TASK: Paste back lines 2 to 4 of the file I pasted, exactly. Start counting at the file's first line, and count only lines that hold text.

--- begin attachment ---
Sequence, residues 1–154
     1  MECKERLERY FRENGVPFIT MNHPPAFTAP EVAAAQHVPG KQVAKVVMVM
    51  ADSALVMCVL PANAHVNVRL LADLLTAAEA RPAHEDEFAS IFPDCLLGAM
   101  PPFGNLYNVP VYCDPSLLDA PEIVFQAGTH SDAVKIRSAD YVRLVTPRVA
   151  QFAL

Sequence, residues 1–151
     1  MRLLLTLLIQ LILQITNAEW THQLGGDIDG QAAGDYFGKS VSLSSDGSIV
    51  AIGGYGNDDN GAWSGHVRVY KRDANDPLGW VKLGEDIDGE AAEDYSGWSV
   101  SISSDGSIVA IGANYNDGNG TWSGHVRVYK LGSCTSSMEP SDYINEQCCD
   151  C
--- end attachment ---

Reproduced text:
     1  MECKERLERY FRENGVPFIT MNHPPAFTAP EVAAAQHVPG KQVAKVVMVM
    51  ADSALVMCVL PANAHVNVRL LADLLTAAEA RPAHEDEFAS IFPDCLLGAM
   101  PPFGNLYNVP VYCDPSLLDA PEIVFQAGTH SDAVKIRSAD YVRLVTPRVA